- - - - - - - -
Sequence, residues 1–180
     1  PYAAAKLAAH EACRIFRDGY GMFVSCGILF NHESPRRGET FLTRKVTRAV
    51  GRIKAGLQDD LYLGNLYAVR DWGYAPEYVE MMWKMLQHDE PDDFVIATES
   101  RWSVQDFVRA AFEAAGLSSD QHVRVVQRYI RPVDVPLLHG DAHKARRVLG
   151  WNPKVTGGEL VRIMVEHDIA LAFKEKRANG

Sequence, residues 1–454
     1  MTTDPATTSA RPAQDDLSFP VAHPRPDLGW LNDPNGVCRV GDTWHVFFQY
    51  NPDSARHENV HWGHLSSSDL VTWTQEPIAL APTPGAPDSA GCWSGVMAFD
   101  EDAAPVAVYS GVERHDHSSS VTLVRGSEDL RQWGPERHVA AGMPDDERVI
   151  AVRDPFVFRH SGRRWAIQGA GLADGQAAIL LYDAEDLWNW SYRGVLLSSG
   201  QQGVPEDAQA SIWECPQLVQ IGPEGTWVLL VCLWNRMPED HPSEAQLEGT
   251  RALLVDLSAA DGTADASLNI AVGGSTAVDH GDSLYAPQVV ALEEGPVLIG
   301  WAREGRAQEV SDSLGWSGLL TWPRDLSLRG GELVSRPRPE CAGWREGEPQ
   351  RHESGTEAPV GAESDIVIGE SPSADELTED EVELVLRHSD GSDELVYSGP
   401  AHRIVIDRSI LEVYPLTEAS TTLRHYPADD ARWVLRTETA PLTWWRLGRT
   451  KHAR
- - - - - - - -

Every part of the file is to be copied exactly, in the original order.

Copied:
Sequence, residues 1–180
     1  PYAAAKLAAH EACRIFRDGY GMFVSCGILF NHESPRRGET FLTRKVTRAV
    51  GRIKAGLQDD LYLGNLYAVR DWGYAPEYVE MMWKMLQHDE PDDFVIATES
   101  RWSVQDFVRA AFEAAGLSSD QHVRVVQRYI RPVDVPLLHG DAHKARRVLG
   151  WNPKVTGGEL VRIMVEHDIA LAFKEKRANG

Sequence, residues 1–454
     1  MTTDPATTSA RPAQDDLSFP VAHPRPDLGW LNDPNGVCRV GDTWHVFFQY
    51  NPDSARHENV HWGHLSSSDL VTWTQEPIAL APTPGAPDSA GCWSGVMAFD
   101  EDAAPVAVYS GVERHDHSSS VTLVRGSEDL RQWGPERHVA AGMPDDERVI
   151  AVRDPFVFRH SGRRWAIQGA GLADGQAAIL LYDAEDLWNW SYRGVLLSSG
   201  QQGVPEDAQA SIWECPQLVQ IGPEGTWVLL VCLWNRMPED HPSEAQLEGT
   251  RALLVDLSAA DGTADASLNI AVGGSTAVDH GDSLYAPQVV ALEEGPVLIG
   301  WAREGRAQEV SDSLGWSGLL TWPRDLSLRG GELVSRPRPE CAGWREGEPQ
   351  RHESGTEAPV GAESDIVIGE SPSADELTED EVELVLRHSD GSDELVYSGP
   401  AHRIVIDRSI LEVYPLTEAS TTLRHYPADD ARWVLRTETA PLTWWRLGRT
   451  KHAR